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Publication numberUS5011985 A
Publication typeGrant
Application numberUS 07/522,607
Publication dateApr 30, 1991
Filing dateMay 11, 1990
Priority dateMay 11, 1990
Fee statusLapsed
Publication number07522607, 522607, US 5011985 A, US 5011985A, US-A-5011985, US5011985 A, US5011985A
InventorsEugene H. Cordes, George J. Ellames, John M. Herbert, David I. Smith
Original AssigneeSterling Drug Inc.
Export CitationBiBTeX, EndNote, RefMan
External Links: USPTO, USPTO Assignment, Espacenet
Levo-ciprofibrate
US 5011985 A
Abstract
Levo-ciprofibrate or a pharmaceutically acceptable salt thereof is disclosed.
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Claims(5)
We claim:
1. (1)-(-)-2-[4-(2,2-Dichlorocyclopropyl)phenoxy]-2-methylpropionic acid or a pharmaceutically acceptable salt thereof.
2. The method of reducing the concentration of serum lipids in a mammal comprising administering to the mammal an effective serum lipid lowering amount of levo-ciprofibrate or a pharmaceutically acceptable salt thereof.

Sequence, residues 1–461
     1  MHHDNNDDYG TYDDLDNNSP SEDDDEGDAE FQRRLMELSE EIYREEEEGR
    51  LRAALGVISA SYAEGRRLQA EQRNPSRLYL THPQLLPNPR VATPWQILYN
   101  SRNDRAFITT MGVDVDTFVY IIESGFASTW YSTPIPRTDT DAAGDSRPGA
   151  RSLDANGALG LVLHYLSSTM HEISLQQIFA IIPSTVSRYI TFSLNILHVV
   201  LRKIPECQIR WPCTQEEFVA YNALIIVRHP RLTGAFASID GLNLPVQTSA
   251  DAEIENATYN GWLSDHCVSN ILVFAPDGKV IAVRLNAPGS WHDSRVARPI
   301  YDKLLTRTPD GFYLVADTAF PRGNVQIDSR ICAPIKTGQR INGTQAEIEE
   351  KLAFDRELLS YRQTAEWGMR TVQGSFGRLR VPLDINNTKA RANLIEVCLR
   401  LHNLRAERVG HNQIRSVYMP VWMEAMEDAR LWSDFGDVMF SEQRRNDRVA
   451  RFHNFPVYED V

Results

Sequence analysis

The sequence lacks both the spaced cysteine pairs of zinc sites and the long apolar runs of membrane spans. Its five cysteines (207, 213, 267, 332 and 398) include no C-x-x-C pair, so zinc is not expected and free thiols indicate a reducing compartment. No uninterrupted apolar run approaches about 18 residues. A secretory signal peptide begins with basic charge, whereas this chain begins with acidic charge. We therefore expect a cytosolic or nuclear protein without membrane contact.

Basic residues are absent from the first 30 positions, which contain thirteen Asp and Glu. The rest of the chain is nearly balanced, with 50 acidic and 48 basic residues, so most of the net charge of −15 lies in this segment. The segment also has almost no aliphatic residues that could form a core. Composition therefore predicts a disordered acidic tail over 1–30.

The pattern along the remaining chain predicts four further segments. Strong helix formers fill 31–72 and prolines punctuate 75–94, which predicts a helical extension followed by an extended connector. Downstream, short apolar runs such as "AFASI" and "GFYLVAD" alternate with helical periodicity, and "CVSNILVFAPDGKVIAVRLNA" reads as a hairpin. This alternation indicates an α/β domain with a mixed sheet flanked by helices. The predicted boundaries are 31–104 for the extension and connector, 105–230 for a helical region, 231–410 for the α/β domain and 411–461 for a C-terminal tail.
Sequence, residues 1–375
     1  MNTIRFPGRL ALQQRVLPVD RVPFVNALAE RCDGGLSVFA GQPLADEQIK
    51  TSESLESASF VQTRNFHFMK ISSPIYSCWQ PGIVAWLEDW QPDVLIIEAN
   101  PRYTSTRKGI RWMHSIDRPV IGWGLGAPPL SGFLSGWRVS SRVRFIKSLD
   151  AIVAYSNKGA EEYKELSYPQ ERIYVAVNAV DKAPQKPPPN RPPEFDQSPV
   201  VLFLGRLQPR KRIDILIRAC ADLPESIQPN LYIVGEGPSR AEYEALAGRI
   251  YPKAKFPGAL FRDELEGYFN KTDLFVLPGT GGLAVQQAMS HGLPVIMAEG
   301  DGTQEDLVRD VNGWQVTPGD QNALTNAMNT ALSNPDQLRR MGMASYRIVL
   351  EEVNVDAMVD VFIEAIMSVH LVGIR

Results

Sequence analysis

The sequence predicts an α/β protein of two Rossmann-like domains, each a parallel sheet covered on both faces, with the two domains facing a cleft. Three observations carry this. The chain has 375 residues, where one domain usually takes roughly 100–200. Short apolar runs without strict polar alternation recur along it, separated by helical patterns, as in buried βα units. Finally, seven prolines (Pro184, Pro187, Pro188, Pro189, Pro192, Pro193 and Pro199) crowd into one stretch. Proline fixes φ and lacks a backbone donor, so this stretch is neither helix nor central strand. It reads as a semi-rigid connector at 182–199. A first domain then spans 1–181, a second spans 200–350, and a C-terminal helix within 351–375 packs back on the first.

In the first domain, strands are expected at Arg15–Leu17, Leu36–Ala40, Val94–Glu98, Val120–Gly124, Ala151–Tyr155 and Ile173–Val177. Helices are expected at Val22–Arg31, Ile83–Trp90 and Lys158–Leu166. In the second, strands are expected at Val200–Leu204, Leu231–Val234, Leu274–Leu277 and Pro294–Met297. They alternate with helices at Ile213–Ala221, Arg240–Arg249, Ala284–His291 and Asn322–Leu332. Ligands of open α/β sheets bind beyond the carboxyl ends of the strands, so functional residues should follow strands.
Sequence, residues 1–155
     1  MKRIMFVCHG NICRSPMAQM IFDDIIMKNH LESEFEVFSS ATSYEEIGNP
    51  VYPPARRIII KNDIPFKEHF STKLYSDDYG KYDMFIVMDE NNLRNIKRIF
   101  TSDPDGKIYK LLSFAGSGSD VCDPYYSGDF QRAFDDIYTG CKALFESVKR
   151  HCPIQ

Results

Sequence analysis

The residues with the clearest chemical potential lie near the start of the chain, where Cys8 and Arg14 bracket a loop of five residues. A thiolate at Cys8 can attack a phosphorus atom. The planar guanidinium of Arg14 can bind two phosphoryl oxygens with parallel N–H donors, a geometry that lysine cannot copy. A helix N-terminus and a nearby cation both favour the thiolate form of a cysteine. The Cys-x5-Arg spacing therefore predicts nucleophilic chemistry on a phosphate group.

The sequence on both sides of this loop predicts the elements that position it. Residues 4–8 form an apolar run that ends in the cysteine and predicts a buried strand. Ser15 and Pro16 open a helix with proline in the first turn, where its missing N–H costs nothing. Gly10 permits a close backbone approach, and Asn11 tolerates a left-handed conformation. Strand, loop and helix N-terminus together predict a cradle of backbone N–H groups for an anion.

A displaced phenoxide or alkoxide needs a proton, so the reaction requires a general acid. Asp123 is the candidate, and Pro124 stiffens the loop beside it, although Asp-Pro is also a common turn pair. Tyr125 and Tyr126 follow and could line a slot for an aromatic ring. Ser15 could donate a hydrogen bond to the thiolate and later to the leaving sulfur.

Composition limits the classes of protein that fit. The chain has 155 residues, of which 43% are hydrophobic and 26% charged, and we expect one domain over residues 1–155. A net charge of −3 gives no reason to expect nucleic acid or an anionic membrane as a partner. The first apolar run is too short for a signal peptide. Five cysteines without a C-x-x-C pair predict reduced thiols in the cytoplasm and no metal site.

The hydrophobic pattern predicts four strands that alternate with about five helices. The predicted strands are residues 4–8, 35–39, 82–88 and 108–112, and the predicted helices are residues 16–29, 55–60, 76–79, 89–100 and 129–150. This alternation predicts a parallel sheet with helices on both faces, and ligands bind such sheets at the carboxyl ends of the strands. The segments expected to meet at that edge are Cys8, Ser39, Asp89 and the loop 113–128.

3. A composition which comprises an effective serum lipid lowering concentration of levo-ciprofibrate or a pharmaceutically acceptable salt thereof and a pharmaceutically acceptable vehicle.
4. The process of preparing a compound according to claim 1 comprising resolving racemic ciprofibrate by fractional crystallization of a salt thereof with an optically active amine.
5. The process of preparing a compound according to claim 1 comprising first resolving 4-(2,2-dichlorocyclopropyl)aniline using (+)-tartaric acid and then subjecting the resulting (-)-4-(2,3-dichlorocyclopropyl)aniline to diazotizationhydrolysis using sodium nitrite in aqueous sulfuric acid at 0-10 C. and then condensing the resulting (-)-4-(2,2-dichlorocyclopropyl)phenol with acetone and chloroform in aqueous alkali at 0-100 C.
Description
BACKGROUND OF THE INVENTION

Field of the Invention

The invention relates to levo-ciprofibrate, which is useful as a serum lipid lowering agent, and method of use and compositions thereof.

SUMMARY OF THE INVENTION

In a first composition of matter aspect the invention is levo-ciprofibrate, which is (1)-(-)-2[4-(2,2-dichlorocyclopropyl)phenoxy]-2-methylpropanoic acid, or a pharmaceutically acceptable salt thereof.

In a process aspect the invention is the method of reducing the concentration of serum lipids in a mammal comprising administering to the mammal an effective serum lipid lowering amount of levo-ciprofibrate or a pharmaceutically acceptable salt thereof.